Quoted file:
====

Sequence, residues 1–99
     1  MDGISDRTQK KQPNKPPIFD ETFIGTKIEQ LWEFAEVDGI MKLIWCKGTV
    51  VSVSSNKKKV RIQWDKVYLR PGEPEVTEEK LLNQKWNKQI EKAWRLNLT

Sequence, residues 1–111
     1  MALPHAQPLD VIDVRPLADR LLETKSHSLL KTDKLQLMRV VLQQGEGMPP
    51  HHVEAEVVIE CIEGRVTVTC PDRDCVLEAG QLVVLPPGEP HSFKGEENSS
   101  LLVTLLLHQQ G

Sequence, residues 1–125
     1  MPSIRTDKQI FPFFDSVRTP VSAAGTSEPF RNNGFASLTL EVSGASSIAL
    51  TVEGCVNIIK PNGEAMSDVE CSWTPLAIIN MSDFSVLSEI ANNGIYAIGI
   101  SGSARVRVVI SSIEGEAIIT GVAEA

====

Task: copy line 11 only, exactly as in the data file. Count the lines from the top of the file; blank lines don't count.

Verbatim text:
   101  SGSARVRVVI SSIEGEAIIT GVAEA